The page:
“I am not doing very well,” said the voice on the phone.“My husband is doing a little better, but I am struggling. The oldest boy is OK, he is 16, but the 13-year-old is having a hard time.”
Those were the first words my old friend said to me about the recent unexpected death of her 10-year-old daughter. I was—I am—numb.
Occasionally, I use this and another column I write to communicate directly to someone, or some group, the extent of my feelings. A part of me believes that by putting it out there publicly the nakedness of message will likewise remove the defenses of the recipient, allowing them, perhaps, to more deeply feel the emotional embrace that is intended. This is one of those times.
So, please, as you read this—by simply sharing this—you may be helping someone overcome the worst that can happen.
Courage is a funny thing. I have had the privilege of interviewing Medal of Honor winners, cops wounded on duty and firefighters who go in when everyone else is coming out.
One thing they all have in common is that none of them planned to be particularly brave on the day life happened to them in some extraordinary way. Most did what they had to do by fighting off the fear, or rising to match it.
Others felt the horrible terror the entire time thinking themselves to be cowards, all the while doing their duty nonetheless. Only later did all of these noble souls reflect on their deeds.
So here was my friend, in the very midst of her battle with tragedy, being every bit as brave, every bit as noble, and like those others, totally unaware of her heroism.
She spoke about how the surgery was serious, but elective. It was, the doctors said, a common procedure and would allow her daughter to live a normal life span as opposed to almost certain mortality in her early 40s.
Something, though, went terribly wrong.
When the child came out of the anesthesia she became extremely agitated, her vital signs were unstable, and she had to be ventilated and placed back into unconsciousness. In the short few days that followed, the child’s condition got better then worse.
Steps were taken and hopes were raised with each new test or procedure. Sadly, however, complications led to organ failure and the end of a young life.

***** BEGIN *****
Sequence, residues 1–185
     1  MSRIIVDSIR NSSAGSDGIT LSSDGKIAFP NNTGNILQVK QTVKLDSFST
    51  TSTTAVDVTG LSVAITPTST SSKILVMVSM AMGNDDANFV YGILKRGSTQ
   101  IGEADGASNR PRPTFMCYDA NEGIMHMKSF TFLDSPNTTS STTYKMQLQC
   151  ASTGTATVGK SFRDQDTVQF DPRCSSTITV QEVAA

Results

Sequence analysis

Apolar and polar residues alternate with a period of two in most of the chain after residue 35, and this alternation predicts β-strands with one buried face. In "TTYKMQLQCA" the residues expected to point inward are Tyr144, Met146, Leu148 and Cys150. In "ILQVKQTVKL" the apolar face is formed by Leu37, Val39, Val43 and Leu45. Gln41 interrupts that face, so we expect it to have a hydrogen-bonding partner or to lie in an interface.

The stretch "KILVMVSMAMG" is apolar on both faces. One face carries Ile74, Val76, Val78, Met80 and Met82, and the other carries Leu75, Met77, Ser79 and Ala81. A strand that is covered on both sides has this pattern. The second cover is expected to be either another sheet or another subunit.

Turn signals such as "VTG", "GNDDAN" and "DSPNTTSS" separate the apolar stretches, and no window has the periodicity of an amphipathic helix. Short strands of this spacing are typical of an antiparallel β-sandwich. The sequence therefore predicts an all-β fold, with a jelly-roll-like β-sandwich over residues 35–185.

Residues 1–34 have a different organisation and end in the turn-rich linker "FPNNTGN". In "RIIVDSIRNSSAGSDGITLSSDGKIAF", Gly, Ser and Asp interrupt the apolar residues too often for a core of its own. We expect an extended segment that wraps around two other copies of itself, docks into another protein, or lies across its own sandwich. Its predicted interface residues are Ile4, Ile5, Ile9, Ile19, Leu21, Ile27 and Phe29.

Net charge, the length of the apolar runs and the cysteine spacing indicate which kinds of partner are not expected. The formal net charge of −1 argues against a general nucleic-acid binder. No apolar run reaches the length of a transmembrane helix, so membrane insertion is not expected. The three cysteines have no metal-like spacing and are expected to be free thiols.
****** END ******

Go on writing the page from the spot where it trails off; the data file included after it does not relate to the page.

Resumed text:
None of us, save for those who have gone though it, can know the agony of losing a child. As I tried to comfort my friend, I felt somehow not entitled to even try. I feared that my words would be hollow and that any effort I might make to commiserate would fall short.
But it hit me that my friend couldn’t very well change the friends life had given her. We would have to do our best.
My friend is worried for her family, questioning the wisdom of her decision to go ahead with the surgery and dealing with the nature of grieving itself.
Her daughter was her best young friend. They did girl things like getting their hair and nails done together. My friend had her bedroom painted pink—a project long put off—to celebrate the child’s return from the hospital.
Now she has to put these things behind her. She is back to work two days a week and in the midst of setting up a scholarship in her daughter’s name. Like all people of uncommon valor she will have to concentrate for a while on simply putting one foot in front of the other and taking one breath at a time.
As we wrapped up our conversation, my admiration and affection for my friend grew. And now I need her to know how much she means to the people in her life.
I need her to know how special she is. I need her to know that from my distant, if emotionally safe, perch, I can see her happy once again as the strong center of her family.
I need her to know how sorry I and others are for the loss of her child.
I need her to know I am here for her if she needs me.